In Rocky Balboa , the sixth movie about Sylvester Stallone’s mythic boxer, an aging Rocky decides to fight one last time. Everyone tells him that he’s nuts, or worse, that he’s destroying his legacy. Stallone, now sixty years old, must have heard a lot of that when he was trying to get the project off the ground. The movie, which he wrote and directed, has the brimstone whiff of unfinished business. As Rocky explains to his brother-in-law Paulie, "There’s still some stuff in the basement".
Rocky’s beloved wife Adrian, played in the other movies by Talia Shire, has died. Rocky now runs a little restaurant named after her. Like a basalt slab in a dinner jacket, Rocky moves between tables telling war stories. This is not egotism; it’s what the people want from their local hero, and he wears his fame lightly. Stallone knows a thing or two about how people react to celebrities.
The film must end in the ring, but Stallone is in no hurry to get there; and that’s a pleasure. We learn about Rocky’s relationships: to his son, Rocky Jr. (Milo Ventimiglia), overshadowed by the Balboa legend; and to a poor woman from the neighborhood, Marie (Geraldine Hughes), with the eyes of a whipped dog, astonished that Rocky finds her worth defending. The neighborhood itself is trafficked by spirits and in decay; Paulie (Burt Young) says the whole world is falling apart. But Rocky is okay with loss: "When you live in a place long enough, you become that place," he says. "The older I get, the more I leave behind. That’s life."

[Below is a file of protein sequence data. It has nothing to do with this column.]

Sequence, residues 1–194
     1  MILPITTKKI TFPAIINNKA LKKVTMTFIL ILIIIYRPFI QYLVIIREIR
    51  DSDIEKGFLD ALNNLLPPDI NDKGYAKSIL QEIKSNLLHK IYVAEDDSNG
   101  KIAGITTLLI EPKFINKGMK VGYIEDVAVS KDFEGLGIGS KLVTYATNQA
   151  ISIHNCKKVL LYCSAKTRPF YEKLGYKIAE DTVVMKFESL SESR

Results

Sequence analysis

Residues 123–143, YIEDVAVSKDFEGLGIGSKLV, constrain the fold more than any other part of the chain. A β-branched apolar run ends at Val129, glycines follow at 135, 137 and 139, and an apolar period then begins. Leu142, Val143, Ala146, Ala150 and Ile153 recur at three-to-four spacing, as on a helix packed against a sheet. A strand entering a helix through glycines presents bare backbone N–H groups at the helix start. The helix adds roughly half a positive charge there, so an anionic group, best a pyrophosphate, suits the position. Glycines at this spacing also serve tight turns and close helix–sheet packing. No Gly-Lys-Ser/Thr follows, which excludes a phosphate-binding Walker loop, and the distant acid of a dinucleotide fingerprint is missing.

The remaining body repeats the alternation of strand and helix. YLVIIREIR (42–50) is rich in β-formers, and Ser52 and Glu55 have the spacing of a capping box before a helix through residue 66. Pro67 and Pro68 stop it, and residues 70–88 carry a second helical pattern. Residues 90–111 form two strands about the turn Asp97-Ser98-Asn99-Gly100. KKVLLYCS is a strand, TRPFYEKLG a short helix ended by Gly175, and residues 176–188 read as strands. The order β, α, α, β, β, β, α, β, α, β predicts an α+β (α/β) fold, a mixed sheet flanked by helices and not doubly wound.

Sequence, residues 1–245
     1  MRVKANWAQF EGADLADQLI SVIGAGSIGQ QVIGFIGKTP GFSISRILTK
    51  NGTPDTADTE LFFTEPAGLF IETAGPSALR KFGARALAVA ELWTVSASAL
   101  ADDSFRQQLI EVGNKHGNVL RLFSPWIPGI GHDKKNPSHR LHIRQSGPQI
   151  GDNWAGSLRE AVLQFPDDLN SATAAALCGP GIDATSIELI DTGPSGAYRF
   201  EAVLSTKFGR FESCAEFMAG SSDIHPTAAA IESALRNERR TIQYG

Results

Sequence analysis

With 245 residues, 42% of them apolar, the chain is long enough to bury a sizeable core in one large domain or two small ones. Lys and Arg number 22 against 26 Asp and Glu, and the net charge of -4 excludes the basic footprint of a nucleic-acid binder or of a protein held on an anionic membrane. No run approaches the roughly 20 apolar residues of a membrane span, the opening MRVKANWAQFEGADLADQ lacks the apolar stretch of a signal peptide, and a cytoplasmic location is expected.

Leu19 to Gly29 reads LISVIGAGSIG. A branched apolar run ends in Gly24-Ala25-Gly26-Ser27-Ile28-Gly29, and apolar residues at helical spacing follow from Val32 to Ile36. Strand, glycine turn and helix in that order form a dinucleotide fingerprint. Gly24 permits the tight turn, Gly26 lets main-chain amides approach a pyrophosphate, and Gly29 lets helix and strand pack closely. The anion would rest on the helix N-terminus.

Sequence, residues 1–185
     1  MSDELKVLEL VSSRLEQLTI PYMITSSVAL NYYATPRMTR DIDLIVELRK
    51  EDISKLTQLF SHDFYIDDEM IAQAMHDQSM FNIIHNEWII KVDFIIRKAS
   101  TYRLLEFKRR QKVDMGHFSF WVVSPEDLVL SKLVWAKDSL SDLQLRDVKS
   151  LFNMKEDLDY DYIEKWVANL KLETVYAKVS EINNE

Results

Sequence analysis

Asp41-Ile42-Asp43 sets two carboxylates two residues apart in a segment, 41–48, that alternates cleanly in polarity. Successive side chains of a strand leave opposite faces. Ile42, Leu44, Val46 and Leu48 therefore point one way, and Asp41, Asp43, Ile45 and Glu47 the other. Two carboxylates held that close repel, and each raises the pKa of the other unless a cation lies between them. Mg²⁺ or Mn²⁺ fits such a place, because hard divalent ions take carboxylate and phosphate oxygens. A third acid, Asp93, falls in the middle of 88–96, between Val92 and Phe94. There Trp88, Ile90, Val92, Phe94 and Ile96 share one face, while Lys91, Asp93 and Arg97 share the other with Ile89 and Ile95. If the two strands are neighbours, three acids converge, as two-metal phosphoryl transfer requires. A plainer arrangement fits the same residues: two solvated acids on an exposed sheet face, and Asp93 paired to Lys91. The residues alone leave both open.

Simple sentiments, yes – but Rocky has earned the right. No genius to begin with, he has taken his share of blows to the head, and has to fight to get the slurred sentences out. That’s endearing, as it is when he turns on the corny charm that first wooed Adrian. Stallone’s face is care-worn and fascinating, a great place for tears. You don’t expect them – you don’t expect flashes of anger, either – but passion keeps coming through. Maybe he gives one too many speeches, but they work.
And if Rocky’s face tells a story, wait until you see his body. We’re given time to get used to it, first in a sleeveless tee shirt under careful lighting, then in the ring, from a low angle, with a belt over the belly. When fully revealed, that body is an awesome sight, and it’s to Stallone’s credit as a filmmaker that we absolutely believe he has a chance against a heavyweight half his age.
The other boxer, Mason "The Line" Dixon (Antonio Tarver), isn’t fleshed out, so the final rumble doesn’t hit on as many cylinders as it could. But it still has a complexity: we’re not sure we want Rocky to win. We want him to teach. The whole film, in fact, is a summation of a thirty-year-old franchise’s collective wisdom. Which, a little surprisingly, is considerable.
This and other theater and music reviews can be read, listened to, or podcast at wfiu.org. Reviewing movies for WFIU, this is Peter Noble-Kuchera.